So we find ourselves studying yet another story in the Bible. I don’t know about you, but I think Esther is fascinating! No wonder they dramatized it for a movie several years ago. Though, if you’ve seen the movie, you might have already found some differences as you’ve been reading along with the sermon series.
The Esther and Mordecai of the Bible aren’t as good and heroic as the movie might have us believe. We’ve seen that they have “assimilated” into their culture, and pay little attention to the God of their ancestors. Yet, going into chapter 4, we see the tension in the story building—so much so that in chapter 4 Mordecai leads the way of repentance, and heavily alludes to God’s providence as he encourages Esther to participate in the salvation of the Jews.
It’s at this moment we need to stop, and take a look at the bigger picture.
This is the moment that sets us up for the big, climactic point of the whole story—the moment where all the Jews are saved and the curse over them is reversed. A curse has been pronounced over them because of one man’s refusal to bow to his superior, and now they all await death. Though, even in the face of death, something is happening; repentance is taking place, and a savior is being prepared. This savior will deliver the people from the wrath of the king, effectively reversing the curse.
Why does that language sound so familiar? Of course! I’m using the language of some of my previous posts to make a point here. This language is often used to describe the Story of the whole Bible. But even more, this is the language Paul uses in Romans 5!
God created everything for his glory, including man. But, man sinned (rebelled against God; refused to bow to his Superior) so God cursed man, which cursed Creation. So it was through this one man that death came to all men. However, God immediately began a process of reconciliation by which the curse would be reversed. That could only happen through a Savior who could deliver Creation from the wrath of the King. Salvation can now come to all because of this one Savior.
It’s pretty easy to see the correspondence here between the story of Esther, and God’s redemptive Story in the Bible, right? The story of Esther may even typify one’s personal faith-journey—through repentance, salvation will come.
But as easy as this connection may be to see, some questions arise. Why is the correspondence between Esther and Jesus so significant; couldn’t it just be a happy coincidence? And, how does Esther actually fit into the overall Story of the Bible?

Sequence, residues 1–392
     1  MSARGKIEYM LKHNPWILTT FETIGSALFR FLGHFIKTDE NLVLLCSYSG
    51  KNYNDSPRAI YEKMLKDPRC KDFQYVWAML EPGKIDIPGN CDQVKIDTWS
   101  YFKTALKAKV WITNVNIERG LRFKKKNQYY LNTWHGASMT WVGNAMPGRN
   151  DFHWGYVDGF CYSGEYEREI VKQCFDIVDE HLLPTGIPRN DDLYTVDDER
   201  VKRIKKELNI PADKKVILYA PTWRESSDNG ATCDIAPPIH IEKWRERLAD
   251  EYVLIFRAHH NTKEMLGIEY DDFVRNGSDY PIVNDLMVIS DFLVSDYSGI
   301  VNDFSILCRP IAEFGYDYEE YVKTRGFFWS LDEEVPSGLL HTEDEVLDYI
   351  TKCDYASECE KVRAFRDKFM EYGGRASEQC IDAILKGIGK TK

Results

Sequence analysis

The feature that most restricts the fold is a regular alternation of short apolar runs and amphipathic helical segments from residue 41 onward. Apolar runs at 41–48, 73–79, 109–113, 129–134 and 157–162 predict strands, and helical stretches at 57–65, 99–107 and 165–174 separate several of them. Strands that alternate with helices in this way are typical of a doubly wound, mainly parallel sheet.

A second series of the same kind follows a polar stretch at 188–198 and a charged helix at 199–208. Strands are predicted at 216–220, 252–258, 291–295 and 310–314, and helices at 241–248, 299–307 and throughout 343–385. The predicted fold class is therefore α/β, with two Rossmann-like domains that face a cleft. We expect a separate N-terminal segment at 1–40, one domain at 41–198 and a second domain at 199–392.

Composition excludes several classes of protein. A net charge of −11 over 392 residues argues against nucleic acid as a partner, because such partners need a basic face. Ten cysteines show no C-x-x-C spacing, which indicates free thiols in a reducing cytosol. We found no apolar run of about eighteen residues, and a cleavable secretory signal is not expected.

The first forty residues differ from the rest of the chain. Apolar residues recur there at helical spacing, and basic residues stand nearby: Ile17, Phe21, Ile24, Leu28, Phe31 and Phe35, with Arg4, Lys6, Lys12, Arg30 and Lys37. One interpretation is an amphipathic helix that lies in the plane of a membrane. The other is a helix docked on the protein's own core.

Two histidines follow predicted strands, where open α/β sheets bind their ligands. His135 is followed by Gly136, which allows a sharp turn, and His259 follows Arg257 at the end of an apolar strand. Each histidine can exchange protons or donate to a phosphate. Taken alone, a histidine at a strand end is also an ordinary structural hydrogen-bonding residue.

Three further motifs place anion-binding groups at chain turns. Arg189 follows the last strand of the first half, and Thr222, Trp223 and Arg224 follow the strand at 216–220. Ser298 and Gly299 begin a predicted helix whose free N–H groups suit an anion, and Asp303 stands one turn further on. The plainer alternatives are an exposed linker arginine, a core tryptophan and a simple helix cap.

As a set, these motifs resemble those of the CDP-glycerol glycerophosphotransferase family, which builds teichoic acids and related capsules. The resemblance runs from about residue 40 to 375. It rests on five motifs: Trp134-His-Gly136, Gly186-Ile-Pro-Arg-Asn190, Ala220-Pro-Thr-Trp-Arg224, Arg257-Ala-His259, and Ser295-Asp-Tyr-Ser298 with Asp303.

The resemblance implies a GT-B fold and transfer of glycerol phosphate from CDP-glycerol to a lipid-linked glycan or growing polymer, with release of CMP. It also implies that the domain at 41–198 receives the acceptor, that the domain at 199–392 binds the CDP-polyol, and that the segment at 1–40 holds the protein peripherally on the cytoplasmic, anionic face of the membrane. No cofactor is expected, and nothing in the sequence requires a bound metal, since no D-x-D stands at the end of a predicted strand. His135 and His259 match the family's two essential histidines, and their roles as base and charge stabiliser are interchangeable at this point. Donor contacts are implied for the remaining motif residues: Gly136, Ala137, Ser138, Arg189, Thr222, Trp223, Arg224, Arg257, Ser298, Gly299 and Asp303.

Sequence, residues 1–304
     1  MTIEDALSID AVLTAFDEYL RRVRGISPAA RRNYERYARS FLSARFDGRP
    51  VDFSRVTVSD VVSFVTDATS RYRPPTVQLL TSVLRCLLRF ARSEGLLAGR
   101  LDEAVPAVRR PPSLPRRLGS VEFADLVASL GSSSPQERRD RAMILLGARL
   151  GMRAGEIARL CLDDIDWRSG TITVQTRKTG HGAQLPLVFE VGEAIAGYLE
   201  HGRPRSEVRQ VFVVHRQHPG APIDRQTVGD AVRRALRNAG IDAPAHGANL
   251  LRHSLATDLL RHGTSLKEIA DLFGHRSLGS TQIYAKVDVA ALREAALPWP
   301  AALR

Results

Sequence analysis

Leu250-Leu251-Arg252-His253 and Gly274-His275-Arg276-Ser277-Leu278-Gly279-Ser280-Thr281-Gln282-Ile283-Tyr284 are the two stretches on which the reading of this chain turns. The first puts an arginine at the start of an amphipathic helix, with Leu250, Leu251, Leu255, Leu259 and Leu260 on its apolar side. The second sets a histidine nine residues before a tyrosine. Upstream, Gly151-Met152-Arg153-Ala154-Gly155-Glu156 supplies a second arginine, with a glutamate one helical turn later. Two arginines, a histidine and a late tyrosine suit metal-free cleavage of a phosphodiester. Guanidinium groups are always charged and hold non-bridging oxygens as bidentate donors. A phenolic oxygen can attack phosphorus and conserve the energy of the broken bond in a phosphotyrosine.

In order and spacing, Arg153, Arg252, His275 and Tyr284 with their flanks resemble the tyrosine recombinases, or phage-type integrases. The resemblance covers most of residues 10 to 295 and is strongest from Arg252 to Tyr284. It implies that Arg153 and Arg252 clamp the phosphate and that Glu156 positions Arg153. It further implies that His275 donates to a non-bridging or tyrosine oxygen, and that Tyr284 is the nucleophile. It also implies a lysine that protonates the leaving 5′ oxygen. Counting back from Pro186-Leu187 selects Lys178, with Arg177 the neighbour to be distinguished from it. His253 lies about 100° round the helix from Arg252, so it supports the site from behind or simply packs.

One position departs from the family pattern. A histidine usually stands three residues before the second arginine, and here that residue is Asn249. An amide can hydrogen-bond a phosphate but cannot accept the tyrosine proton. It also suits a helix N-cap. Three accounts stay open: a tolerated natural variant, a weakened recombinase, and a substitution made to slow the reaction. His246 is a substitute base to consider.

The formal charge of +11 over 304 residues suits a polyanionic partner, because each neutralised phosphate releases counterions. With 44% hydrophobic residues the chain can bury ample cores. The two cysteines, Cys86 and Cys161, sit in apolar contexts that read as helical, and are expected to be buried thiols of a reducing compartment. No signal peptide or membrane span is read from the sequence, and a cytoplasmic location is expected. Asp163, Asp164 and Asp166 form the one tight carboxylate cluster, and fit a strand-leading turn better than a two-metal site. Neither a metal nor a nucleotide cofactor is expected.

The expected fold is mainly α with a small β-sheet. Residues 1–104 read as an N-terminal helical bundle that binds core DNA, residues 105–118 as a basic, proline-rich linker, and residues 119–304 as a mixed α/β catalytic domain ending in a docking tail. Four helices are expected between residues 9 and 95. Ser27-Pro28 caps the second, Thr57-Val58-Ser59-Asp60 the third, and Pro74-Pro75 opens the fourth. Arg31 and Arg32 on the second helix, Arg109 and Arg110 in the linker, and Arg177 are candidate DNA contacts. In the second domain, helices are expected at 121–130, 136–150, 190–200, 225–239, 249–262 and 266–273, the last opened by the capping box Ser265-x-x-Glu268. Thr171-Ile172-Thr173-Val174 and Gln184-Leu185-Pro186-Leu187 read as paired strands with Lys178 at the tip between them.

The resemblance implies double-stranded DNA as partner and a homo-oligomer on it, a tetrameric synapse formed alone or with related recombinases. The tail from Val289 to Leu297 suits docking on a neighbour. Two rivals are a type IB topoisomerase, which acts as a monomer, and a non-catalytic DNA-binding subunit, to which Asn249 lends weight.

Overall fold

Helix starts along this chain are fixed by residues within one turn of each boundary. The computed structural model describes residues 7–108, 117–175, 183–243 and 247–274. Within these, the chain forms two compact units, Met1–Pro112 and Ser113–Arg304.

Well, the striking correspondence is important because the story itself is meant to direct its readers to see that God delights in saving his people, even people who are imperfect. Ultimately what that does is cause the readers to reflectively ask, “What has God done to save me?” The answer is found in Jesus, because Jesus is God’s plan for saving his people. He used Esther at a specific time, in a specific place, in a specific culture to save his people from certain death. But one day, he would send an even greater Savior to save his people from eternal death, whose accomplishment is effective for all times, places, and cultures.
But also, Esther fits into the overarching biblical Story by showing us an incredible instance of God’s preservation of Israel. That is significant because his plan was to bring this greater Savior about through the Israelite people. If the Jews had been destroyed, there would have been no Jesus! God is always faithful to ensure that his plans are accomplished.
And so, we see that Esther is even deeper that we might have imagined. Yes it’s a good story, but it was written to point our hearts toward a greater Savior; one who can reverse the curse we experience in our own lives everyday.
Enjoy Esther’s beautiful story, and the illustration of God’s greater redemption for your soul; and, be encouraged that he is faithful to save.
Carter Mundy wrote his masters degree research thesis on the relationship between Story and the gospel. He now works as the Outreach Director at the Greensboro Pregnancy Care Center, and is a community group leader in Mercy Hill Church.
 See “The True Story of the Whole World” blog on December 7, 2012; and “The Story of a Kingdom Coming” on February 1, 2013.